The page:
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Aloe suprafoliata


Water Needs

low; water wise

Aloe suprafoliata
Aloe; Succulent
Book-leaved Aloe; Boekaalwyn

45-60cm x 38-45cm


Light Conditions



light; moderate; hardy


pink; red; May – July; autumn; winter

Garden Situation

sun; rockery gravel; walls; roof; cliffs; container; dry soil; narrow spaces; slope bank; wildlife bees insects birds


rocky places; grassland


Highveld; KwaZulu Natal

Rain Season


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Treasured by many local and overseas gardeners, it is surprising to see how little it appears in our local gardens given its elegant and unique beauty and relative ease of cultivation. Listed as not threatened in the Red Data Book, SA, it is one of the frost- hardy Aloes, coping with sub-zero temperatures to -4 degrees. It is unique in being the only Aloe species to change its growth habits as it matures. As young leaves emerge as a young plant, they re-curve out sideways, directly opposite and on top of each other like the pages of a book lying open on a table. As the plant matures, usually between 2 to 5 years, the leaves take on a spiral around the central stem, forming the common rosette of other Aloe species. The older leaves vary between a more spread out form and recurved. Shade of blue, purple or red paint the colourings of the leaves and this too can change with time, from a turquoise-blue to a blue-green. The blue/green leaves merge into russet tips as they curve downwards, and the natural stone, soils and grasses of the plants natural range enhances this beautiful colour mix. Sharp yet soft reddish brown teeth cover each leaf from tip to centre. The varying shades of the book Aloe are seen at their best in older specimens as the leaves open up in spiral form. Each plant produces up to 3 slender racemes (flowering stalks) at a time which rise above the leaves, each one unbranched and supporting a long and graceful flower, pinkish/red in colour. The main flowering season is May to July, yet the subtly coloured flower bud is even beautiful before it fully opens, with a silvery white sheen covering the tightly closed bud. Natural habitat: rocky slopes in Mpumalanga, Northern KZN and Swaziland regions, on the lower slopes from 300m and on up the mountains to a height of 1600m. These higher altitudes are often frosty and misty. It does well in warmer regions too, these images having been taken in a misty and winter cool Hillcrest garden – though in a gravel bed with reflective heat and light off the stones. As a nectar plant, it attracts bees, other insects and a variety of bird species. Known fondly is America as the Moustache Aloe.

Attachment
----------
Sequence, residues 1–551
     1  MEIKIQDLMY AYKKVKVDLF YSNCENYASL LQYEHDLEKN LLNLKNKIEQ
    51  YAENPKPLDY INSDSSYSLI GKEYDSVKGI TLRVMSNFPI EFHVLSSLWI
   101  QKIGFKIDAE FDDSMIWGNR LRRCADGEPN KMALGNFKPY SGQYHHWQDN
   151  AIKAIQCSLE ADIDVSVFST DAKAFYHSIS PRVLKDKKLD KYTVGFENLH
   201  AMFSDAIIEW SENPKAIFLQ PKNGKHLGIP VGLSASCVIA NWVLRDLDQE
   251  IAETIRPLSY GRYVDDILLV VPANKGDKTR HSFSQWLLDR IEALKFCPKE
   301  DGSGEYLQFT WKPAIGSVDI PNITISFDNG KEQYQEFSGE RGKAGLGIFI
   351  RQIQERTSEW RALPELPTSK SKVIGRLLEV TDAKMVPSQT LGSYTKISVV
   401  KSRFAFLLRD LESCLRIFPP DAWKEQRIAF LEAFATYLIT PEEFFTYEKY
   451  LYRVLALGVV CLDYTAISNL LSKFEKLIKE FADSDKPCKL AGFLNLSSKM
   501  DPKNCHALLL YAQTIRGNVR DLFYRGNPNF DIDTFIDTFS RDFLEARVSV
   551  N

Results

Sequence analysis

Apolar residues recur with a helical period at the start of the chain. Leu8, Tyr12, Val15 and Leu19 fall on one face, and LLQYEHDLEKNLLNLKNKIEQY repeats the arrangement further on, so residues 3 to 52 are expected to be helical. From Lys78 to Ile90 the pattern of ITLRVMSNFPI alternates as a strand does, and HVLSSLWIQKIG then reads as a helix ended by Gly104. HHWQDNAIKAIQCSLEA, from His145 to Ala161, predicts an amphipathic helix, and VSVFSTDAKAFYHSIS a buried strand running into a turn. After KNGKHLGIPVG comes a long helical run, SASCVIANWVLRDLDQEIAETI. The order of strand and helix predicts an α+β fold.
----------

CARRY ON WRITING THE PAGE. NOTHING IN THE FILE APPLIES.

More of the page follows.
Aloe suprafoliata
Aloe suprafoliata
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